Nobody expects to become a meme.
Tim, a 23-year-old in Austin, certainly didn’t when he innocently posted a late-night Snapchat selfie on his Twitter account in April 2019. In the days that followed, he received numerous messages from people he didn’t know, asking if he was the guy in that picture. Someone — and he still doesn’t know who — had taken his selfie, re-uploaded it to Snapchat and added the words, “Just found out about racism. Damn that shit sucks, man.”
Shortly after that meme became popular, a new version emerged. Using the same photo and format, someone else tweaked the image to read, “Nooo don’t kill yourself your [sic] so sexy aha.” Quickly, both images became memes synonymous with straight, Chad-like men who were somewhat well-meaning but still overtly dumb. By extension, Tim — a gay, admittedly un-masculine guy — became associated with this persona, too.
“People are always surprised that I’m gay,” he tells me. “That picture, it looks very hyper-masculine. I look very much like a dude, right? Then they find out that that’s really not who I am or how I present myself.”
Tim, who now works in talent acquisition, isn’t totally sure what it is about the selfie that made it so ripe for memeing. According to KnowYourMeme, both versions involved text that had previously gone viral, but the one’s using Tim’s selfie each became the most famous versions. Tim theorizes this may be because it’s a thirst trap — there’s just something about the Snapchat selfie camera that makes a person look a certain way, especially with the flash on.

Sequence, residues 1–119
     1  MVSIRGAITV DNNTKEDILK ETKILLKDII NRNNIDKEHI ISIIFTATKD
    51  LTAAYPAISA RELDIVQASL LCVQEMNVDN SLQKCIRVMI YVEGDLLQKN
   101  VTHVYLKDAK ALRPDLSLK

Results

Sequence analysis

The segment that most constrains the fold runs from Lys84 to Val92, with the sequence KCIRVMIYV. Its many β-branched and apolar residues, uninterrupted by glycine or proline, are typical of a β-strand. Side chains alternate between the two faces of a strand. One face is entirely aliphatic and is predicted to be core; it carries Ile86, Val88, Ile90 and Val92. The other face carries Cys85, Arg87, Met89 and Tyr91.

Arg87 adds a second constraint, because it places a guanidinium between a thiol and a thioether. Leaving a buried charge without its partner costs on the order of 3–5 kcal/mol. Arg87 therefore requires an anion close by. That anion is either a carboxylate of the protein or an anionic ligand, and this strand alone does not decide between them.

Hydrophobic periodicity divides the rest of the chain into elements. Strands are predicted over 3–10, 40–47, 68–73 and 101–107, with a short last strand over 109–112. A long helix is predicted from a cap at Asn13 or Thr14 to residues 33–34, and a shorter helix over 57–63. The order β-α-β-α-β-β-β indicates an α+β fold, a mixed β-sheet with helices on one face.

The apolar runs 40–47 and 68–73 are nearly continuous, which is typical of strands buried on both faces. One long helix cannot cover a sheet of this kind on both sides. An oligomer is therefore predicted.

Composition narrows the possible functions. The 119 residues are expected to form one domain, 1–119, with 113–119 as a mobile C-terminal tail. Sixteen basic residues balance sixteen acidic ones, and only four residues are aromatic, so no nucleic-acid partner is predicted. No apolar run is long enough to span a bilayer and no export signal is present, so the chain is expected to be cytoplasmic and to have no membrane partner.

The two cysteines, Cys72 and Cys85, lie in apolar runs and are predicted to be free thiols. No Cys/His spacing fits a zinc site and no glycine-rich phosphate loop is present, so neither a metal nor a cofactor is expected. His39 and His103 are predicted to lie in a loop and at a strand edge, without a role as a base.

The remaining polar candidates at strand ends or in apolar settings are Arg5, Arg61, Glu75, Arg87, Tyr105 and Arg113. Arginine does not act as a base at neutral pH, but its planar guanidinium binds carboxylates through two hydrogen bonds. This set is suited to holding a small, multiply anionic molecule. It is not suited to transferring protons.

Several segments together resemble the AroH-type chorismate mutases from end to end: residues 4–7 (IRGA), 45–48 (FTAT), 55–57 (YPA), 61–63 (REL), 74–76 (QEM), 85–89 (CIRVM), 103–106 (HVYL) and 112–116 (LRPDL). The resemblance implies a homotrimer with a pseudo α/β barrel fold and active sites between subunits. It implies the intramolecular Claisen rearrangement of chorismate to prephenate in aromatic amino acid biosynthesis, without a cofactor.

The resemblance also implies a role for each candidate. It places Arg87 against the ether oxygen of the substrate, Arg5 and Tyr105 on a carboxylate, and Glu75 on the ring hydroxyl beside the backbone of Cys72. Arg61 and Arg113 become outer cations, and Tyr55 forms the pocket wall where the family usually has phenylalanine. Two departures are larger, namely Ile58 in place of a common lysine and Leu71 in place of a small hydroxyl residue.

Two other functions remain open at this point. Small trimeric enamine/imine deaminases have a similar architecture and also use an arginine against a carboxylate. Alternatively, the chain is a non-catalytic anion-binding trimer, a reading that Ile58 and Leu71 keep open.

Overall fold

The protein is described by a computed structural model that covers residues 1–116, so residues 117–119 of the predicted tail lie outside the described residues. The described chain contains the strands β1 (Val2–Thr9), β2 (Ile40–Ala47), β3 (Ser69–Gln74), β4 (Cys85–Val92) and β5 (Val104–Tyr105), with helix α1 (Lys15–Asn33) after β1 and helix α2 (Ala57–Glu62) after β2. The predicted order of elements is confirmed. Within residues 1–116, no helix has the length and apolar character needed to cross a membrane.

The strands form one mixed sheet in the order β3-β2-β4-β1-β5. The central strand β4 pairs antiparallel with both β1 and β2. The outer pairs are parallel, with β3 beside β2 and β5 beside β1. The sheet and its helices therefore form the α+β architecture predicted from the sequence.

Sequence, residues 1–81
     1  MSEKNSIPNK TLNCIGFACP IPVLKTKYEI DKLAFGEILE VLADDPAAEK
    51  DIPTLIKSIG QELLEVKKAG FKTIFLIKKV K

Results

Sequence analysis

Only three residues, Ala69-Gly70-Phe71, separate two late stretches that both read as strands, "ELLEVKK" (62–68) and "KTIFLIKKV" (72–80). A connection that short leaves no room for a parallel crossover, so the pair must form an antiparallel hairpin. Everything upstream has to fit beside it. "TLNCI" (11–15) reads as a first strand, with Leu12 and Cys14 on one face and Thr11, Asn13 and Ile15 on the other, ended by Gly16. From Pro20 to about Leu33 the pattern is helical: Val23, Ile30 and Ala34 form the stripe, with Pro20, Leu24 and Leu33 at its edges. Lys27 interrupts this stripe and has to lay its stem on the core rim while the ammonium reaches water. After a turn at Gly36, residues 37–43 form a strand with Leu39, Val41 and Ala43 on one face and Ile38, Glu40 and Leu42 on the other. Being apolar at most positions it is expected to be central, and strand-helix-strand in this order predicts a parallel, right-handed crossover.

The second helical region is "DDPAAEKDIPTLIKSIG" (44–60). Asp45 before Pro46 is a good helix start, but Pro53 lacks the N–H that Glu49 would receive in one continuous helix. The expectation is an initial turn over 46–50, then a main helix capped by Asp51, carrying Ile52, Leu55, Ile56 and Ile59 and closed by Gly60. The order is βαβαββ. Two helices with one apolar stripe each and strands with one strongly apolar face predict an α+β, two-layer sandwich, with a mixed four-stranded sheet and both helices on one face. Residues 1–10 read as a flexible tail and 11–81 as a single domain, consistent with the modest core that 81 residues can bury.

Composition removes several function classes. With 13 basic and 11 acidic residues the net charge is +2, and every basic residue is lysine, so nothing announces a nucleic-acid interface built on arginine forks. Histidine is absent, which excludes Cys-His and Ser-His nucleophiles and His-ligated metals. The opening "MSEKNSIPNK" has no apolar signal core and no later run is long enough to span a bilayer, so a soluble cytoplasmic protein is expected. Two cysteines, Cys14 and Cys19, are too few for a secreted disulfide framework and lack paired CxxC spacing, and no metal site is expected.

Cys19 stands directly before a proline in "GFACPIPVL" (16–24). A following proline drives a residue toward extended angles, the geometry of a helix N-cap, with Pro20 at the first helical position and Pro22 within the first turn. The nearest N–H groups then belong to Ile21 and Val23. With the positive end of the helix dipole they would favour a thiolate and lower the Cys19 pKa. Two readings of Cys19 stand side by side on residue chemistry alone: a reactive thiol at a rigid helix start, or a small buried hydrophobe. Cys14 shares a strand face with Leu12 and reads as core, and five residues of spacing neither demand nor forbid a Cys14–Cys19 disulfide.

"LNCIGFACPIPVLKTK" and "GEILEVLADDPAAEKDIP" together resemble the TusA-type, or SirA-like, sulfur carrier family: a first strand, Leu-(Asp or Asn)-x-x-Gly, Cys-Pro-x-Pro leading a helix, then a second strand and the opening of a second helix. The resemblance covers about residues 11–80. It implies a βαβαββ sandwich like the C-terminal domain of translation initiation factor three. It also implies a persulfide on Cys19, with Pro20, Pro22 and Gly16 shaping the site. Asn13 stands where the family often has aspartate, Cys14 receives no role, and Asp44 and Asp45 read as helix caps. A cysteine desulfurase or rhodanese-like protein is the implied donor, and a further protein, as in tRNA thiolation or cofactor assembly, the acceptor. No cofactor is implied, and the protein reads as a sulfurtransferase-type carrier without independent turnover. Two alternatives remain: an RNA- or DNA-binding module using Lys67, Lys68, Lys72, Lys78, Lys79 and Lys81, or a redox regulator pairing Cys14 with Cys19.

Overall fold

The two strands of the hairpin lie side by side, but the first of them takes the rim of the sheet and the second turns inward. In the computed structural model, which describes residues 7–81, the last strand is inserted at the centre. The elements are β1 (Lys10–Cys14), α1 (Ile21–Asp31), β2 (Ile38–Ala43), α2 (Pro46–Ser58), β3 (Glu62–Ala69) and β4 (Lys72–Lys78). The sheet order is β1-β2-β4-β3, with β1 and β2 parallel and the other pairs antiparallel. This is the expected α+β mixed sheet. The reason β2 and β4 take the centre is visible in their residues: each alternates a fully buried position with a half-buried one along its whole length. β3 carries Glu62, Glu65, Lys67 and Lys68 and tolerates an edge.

“To be honest, I think it’s the stupid pose,” he says. “I definitely was sort of flexing in that picture. I had my shirt off, and I was trying to look a little bit sexy. But it just ended up translating to me looking like a douche.”
Tim has never really minded the “don’t kill yourself” version of the meme, but the “just learned about racism one” has bothered him. “Having my face attached to such a dumb, stupid statement — I was like, ‘Oh my god, are people really gonna think I said that?’” he says. But while he’s been approached about it by strangers and people still comment about it on his social media, it hasn’t really impacted his day-to-day life. In fact, he’s been able to distance himself from it because it’s not who he is. The real Tim doesn’t talk like that, or even look like that. It’s just another bizarre case of a meme originating totally out-of-context, and he’s become fine with just leaving it at that.
“People think that being a meme must have changed my entire life,” he says. “They’re like, ‘Oh my god, you should make it an NFT.’ That’s ridiculous. I just want to be my normal self and do my silly little things. Luckily, the meme has never stopped me from doing that.”